Widely underestimated has been the importance of God’s wisdom in creating a critically health-enhancing eco-system that has existed harmoniously in our bodies for millennia – until we interfered with it! Now we desperately need insight and understanding into how this eco-system works in relation to our physical and mental/emotional health – and the dreadful consequences of the disruption of it.
Collectively, the microbes inside everyone make up the “microbiome” — what microbiologist Martin Blaser of the NYU School of Medicine defines as “all the organisms that call us home, that live in us and that interact with each other and with ourselves.”
The cells of the human body are outnumbered ten times by the coexisting microbial numbers. The microbiome represents the total genetic information of the microbial community as a whole, comprising bacteria, fungi, protozoa and viruses inhabiting the human ecological environment. The microbiome carries 200 times the number of genes compared to the human genome.
The enormous microbiological diversity of the gut ecosystem is reflected by an estimated 1,500 bacterial species, with a wide range of physiological properties and metabolic pathways. Research has shown that these microbes communicate with the host to maintain a healthy balance – until, that is, we upset that critical balance. These organisms have evolved with humans for hundreds of thousands of years.
As we probe deeper into the microbiome and their varied roles in the human body, we’re gaining valuable insight into their essential roles. Microbes keep your vital organs, such as your brain, digestive system, and immune system, working properly. They play a vital role in disease prevention, wound healing, gut lining protection, appetite control, brain development, and even your emotions. Your digestive tract alone, including your small and large intestine, houses about 99% of your entire microbiome.
Role of beneficial microbes
The gut is inhabited by millions of bacteria and fungi (yeasts) – some beneficial – some harmful. Some of them help to digest carbohydrates; others assist in the digestion of protein; others help digest fats. There are beneficial bacteria for fibre, for milk – and yet others for all six forms of sugar.
These intestinal allies consume undigested food before it begins to putrefy in the gut. As they digest this residue, they turn it into valuable nutrients – B vitamins for example – and release them for the benefit of the health of the body and the brain. They even turn unpleasant odours from nitrogen, sulphur and phosphorus gasses into beneficial gasses, needed for the vital chemical processes of the body.
Beneficial intestinal bacteria destroy harmful bacteria, viruses and fungi. They play a role in assisting blood cell production in the bone marrow. They synthesise vitamin K. They create valuable enzymes. They produce anti-oxidants that protect the body against cancer, premature ageing and a host of other unwelcome conditions.
Given the right conditions, helpful bacteria keep harmful bacteria and fungi in check by crowding them out and competing for space in the gut. They lower the pH balance of the gut, creating a benign and healthy intestinal eco-system which inhibits the growth of pathogens.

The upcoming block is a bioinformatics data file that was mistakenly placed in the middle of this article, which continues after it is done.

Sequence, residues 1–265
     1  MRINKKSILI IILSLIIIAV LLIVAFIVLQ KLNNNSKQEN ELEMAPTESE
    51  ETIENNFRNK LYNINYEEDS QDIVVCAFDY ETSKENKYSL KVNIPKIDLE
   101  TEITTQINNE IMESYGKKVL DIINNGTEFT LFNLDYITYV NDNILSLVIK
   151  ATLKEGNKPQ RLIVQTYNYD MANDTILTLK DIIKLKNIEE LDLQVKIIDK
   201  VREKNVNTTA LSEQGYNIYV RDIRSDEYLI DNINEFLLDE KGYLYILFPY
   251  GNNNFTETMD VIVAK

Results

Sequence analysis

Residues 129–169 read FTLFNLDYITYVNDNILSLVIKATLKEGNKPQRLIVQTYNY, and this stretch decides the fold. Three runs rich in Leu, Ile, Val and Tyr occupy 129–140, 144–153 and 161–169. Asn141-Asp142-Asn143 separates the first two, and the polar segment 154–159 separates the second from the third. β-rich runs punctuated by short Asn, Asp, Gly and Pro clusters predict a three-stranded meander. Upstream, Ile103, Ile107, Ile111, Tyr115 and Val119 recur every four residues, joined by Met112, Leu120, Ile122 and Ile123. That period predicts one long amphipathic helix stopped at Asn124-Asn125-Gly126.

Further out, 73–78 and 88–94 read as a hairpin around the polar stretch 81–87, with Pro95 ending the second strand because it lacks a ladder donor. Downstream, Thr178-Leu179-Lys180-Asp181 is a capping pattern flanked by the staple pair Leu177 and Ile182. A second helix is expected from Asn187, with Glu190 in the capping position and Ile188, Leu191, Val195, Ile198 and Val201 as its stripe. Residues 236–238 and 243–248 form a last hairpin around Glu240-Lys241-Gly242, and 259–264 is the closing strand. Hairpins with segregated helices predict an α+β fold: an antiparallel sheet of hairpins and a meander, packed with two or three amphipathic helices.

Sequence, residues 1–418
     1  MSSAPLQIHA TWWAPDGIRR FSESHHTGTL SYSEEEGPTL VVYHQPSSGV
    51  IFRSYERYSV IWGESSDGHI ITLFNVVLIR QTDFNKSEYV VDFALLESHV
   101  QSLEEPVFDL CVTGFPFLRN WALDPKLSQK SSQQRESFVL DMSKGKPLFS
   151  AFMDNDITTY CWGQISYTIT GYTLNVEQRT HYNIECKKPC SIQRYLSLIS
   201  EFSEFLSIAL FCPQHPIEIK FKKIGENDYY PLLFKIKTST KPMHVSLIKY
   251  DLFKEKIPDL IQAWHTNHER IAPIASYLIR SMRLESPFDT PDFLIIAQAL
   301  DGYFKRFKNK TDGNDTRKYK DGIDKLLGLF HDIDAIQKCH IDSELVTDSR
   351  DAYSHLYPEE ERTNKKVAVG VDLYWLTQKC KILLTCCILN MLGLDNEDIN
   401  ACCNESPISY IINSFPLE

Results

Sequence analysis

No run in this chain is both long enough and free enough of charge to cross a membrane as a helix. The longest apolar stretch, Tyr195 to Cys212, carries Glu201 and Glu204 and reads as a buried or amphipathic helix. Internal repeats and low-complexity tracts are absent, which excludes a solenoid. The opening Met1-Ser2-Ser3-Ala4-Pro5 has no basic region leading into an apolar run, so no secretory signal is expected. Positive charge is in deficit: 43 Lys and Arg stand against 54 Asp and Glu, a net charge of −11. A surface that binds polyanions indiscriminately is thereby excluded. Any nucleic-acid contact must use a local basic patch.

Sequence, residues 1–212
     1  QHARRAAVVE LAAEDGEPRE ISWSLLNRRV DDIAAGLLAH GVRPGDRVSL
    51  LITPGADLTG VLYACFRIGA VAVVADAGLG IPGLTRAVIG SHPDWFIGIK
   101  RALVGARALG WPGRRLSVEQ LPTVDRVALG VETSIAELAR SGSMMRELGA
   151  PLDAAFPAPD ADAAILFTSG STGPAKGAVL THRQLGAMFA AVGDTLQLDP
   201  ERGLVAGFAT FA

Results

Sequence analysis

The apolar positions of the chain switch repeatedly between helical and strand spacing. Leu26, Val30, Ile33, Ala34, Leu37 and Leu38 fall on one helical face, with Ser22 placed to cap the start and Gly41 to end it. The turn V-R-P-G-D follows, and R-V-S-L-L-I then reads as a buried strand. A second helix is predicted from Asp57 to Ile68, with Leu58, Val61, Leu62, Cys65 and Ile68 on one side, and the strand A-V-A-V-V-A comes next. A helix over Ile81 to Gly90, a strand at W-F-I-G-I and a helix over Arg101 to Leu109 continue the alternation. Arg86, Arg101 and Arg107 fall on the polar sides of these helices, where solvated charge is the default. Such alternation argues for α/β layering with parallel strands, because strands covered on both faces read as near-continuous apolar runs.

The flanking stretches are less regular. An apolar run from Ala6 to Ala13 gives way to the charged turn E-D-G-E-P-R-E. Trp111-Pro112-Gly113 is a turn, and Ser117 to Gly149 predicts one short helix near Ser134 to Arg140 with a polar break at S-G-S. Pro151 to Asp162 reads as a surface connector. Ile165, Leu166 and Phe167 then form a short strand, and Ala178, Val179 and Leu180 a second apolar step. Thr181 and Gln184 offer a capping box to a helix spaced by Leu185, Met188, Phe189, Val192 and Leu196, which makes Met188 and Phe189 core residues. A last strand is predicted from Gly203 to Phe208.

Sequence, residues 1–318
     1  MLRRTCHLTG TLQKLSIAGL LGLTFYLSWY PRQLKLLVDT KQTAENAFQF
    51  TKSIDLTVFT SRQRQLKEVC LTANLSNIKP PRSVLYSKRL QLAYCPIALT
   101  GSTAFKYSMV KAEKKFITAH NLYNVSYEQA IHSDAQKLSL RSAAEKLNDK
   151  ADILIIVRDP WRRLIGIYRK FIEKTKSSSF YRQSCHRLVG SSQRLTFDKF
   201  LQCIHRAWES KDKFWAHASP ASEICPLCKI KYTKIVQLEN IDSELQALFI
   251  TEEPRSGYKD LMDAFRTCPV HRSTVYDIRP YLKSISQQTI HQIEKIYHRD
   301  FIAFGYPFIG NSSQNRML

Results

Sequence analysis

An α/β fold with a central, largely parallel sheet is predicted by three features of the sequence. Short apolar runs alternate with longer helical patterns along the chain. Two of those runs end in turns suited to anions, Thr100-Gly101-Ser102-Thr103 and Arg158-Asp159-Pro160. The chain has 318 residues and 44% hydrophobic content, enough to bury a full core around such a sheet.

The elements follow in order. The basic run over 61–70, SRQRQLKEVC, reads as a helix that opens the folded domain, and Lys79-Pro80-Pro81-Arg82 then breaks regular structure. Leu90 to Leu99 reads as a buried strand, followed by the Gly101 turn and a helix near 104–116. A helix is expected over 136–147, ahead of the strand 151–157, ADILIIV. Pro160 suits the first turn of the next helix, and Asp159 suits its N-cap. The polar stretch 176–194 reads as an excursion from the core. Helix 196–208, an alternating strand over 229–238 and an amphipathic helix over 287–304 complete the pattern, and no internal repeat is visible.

Disease begins in the gut
There is an old saying “disease begins in the gut‘. The critical truth of this is becoming more and more apparent as modern research reveals the insidious damage we have unwittingly done to our own health and especially to our children’s health.
Nowadays the microbiome has become a ‘hot’ subject of vital scientific research – revealing the dreadful consequences of our modern drugs and diet on our internal eco-system. Dysbiosis (“microbial imbalance or impaired microbiota”), is considered to be a major factor in many diseases ranging from autism to asthma, acne to autoimmune disease, arthritis to Alzheimer’s, fibromyalgia, to chronic fatigue, ME and MS to dementia and many, many more physical and mental conditions.
So let’s go back a little to look at what has undermined our health and immunity to the point where we need so many antibiotics. Long before the microbiome was understood, pioneer nutritionists recognised a condition which they called intestinal toxaemia. It’s what we now call dysbiosis and it’s where our modern plague of disturbing disorders began – even before antibiotics made the problem much, much worse.
Heavenly Father, scientific research is revealing more and more about how “fearfully and wonderfully“ you made the human body. We are beginning to understand more about the millions of micro-organisms that inhabit the gut and contribute, not only to our physical health but to our emotional health.
Lord we confess that we have underestimated and undervalued your wisdom and provision for our well-being. For the sake of our children and grandchildren, we pray that you will give insight into the consequences of this – and understanding about how to rebuild health – and strengthen immunity naturally.
An over-supply of sugar and refined carbohydrates and a lack of dietary fibre, has a direct effect on the bacterial population of the gut (the microbiome). Scientific research is linking this with the ever-increasing incidence of food intolerance, eczema, asthma, auto-immune conditions, attention-deficit disorders, autism, behavioural problems and many more.